After Joe Biden’s inauguration, he ordered everyone on federal lands to wear a mask. That night, he and his family posed for pictures at the Lincoln Memorial — none of them wearing a mask.
California Gov. Gavin Newsom told Californians it’s “essential” to avoid “mixing with people outside of your household.” Then he had dinner with lots of people outside his household, without masks.
Newsom did apologize for attending “a friend’s birthday party.” Maybe you heard about that. But you might not know that the restaurant charges $800 for dinners or that the governor’s “friend” is a lobbyist, a politically connected “fixer” who helps select Hollywood businesses get exemptions from government shutdowns.
Restaurant owner Angela Marsden, instead of hiring an expensive lobbyist, spent her money building an outdoor patio that complied with COVID-19 regulations. But then the state shut down even outdoor dining.
“I’m losing everything,” she cried in a viral video.
But the business right next door wasn’t shut down. NBC’s TV show “Good Girls” was allowed to set up a dining area right outside her restaurant.
“She doesn’t have a powerful team of lobbyists to argue on her behalf in the state’s capital,” points out Jarrett Stepman, a reporter who covers politicians’ hypocrisy for The Daily Signal.
California gives him plenty of fodder. San Francisco Mayor London Breed went to a party at that fancy restaurant, too.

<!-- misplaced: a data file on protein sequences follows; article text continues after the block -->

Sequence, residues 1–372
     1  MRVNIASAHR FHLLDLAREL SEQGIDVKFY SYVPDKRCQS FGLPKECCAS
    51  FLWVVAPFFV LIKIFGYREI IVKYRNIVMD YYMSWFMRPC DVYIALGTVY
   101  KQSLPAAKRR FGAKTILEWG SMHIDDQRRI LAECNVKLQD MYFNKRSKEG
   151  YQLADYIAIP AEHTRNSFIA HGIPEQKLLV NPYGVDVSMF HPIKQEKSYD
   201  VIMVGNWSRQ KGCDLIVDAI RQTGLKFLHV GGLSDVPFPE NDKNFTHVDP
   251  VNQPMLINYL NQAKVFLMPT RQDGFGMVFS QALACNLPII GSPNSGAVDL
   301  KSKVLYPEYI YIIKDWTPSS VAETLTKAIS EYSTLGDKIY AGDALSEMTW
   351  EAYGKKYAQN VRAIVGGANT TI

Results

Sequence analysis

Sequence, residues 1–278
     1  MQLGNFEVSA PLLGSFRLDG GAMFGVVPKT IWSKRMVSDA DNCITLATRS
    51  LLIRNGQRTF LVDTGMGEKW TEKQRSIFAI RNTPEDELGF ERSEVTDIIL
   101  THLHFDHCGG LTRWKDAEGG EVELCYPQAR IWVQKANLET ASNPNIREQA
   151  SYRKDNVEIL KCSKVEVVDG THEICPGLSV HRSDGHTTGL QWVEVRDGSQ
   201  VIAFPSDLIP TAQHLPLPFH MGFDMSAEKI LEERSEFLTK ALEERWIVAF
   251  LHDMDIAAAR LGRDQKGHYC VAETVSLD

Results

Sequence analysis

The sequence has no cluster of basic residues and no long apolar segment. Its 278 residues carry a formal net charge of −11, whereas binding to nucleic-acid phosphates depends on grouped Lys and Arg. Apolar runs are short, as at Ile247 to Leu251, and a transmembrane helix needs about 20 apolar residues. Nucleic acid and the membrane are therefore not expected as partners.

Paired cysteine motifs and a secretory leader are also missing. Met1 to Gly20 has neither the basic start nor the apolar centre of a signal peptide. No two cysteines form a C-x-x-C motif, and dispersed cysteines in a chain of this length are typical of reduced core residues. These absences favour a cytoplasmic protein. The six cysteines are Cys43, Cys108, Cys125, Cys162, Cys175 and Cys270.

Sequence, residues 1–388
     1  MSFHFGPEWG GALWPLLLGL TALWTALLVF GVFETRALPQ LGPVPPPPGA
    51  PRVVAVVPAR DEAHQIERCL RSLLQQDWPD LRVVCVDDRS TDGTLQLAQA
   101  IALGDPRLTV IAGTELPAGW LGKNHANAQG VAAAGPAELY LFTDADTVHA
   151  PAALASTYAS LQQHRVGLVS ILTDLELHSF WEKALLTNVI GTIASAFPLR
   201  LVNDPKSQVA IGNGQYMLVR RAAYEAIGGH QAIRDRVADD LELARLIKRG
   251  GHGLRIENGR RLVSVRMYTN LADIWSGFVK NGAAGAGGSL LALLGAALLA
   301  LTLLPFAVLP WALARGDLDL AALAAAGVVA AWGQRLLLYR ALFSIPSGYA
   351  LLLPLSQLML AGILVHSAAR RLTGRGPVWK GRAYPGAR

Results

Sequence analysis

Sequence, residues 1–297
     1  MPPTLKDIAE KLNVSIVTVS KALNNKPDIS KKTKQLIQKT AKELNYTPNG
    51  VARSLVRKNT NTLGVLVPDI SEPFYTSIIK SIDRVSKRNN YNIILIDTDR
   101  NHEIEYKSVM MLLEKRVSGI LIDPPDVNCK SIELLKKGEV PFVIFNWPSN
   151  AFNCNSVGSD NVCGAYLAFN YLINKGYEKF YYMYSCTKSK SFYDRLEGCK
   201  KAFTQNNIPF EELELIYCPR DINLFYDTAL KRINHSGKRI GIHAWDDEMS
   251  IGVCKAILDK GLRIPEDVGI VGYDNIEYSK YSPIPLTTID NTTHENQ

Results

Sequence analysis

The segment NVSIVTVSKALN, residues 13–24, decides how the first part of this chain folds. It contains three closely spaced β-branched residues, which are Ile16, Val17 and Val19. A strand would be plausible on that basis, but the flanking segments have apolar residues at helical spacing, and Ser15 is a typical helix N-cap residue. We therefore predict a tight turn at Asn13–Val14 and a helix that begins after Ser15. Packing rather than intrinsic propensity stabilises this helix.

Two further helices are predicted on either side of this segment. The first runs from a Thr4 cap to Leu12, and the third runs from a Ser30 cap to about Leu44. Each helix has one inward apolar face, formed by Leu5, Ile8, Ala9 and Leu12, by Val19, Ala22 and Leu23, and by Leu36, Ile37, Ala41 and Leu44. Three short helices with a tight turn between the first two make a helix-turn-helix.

Speaker of the House Nancy Pelosi got her hair done when California salons were closed.
Mississippi Gov. Tate Reeves held three Christmas parties, violating his executive order limiting the number of people at gatherings.
When a reporter asked, “How is that not in conflict with the order?” Reeves responded that his parties “send a message to the people of Mississippi that you can return to a life that is somewhat normal.”
But “the people” can’t. Only politicians get to do that.
Rhode Island Gov. Gina Raimondo attended a wine and paint event, just days after tweeting, “Stay home except for essential activities & wear a mask.”
Even after a photo showed her at the event, Biden nominated Raimondo to be secretary of commerce.
“Instead of being booted out, they get a promotion,” complains Stepman.
Washington, D.C., Mayor Muriel Bowser ordered a 14-day quarantine for anyone going to several states, including Delaware, for “nonessential” activity. Then she went to Delaware for a Biden victory celebration, something that strikes me as about as “nonessential” as they get.
“I do a lot of things to advance the interests of the District of Columbia,” was Bowser’s arrogant defense. “All of them are necessary.”
If politicians do it, it’s always necessary. Rules are for the little people.
In Chicago, after politicians ordered salons closed, Mayor Lori Lightfoot still went to one for a haircut.
She defended her decision, saying: “I’m out in the public eye. I take my personal hygiene very seriously.”
Stepman says Lightfoot is a “double hypocrite” because “she was seen attending Election Day parties and giant street festivals not wearing a mask.”
The Heritage Foundation tracks such political hypocrisy, calling it “COVID Hypocrisy.” As I write, they’re up to 57 examples of “Rules for thee, but not for me.”
Stepman concludes, “It’s up to us to say, ‘You’re either going to follow these rules, change these rules, or we’re going to throw you out.'”
Throwing out these hypocrites would be a good start.
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